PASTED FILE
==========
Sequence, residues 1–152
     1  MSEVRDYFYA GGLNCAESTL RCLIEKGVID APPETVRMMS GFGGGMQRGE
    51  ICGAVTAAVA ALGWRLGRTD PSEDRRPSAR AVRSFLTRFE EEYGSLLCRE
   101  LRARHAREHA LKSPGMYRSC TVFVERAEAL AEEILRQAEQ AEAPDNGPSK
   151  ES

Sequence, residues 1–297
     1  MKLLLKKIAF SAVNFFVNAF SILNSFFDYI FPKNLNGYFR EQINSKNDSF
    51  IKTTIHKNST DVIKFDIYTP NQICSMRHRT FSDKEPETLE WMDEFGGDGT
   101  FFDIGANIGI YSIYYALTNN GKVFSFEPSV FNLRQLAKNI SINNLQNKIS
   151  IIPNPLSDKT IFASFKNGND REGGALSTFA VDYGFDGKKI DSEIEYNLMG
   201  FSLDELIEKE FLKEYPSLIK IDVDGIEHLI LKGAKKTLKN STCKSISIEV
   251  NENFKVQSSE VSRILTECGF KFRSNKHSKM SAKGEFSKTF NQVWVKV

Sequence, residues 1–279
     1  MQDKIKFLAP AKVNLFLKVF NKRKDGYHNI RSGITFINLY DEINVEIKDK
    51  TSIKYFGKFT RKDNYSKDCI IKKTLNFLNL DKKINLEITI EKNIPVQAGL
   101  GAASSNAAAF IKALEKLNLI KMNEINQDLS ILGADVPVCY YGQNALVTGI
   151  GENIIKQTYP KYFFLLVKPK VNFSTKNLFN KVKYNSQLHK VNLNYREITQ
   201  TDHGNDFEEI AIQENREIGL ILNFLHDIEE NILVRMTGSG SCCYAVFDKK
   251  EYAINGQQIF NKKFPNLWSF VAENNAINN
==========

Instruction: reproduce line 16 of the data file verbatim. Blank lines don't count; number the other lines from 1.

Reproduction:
   101  GAASSNAAAF IKALEKLNLI KMNEINQDLS ILGADVPVCY YGQNALVTGI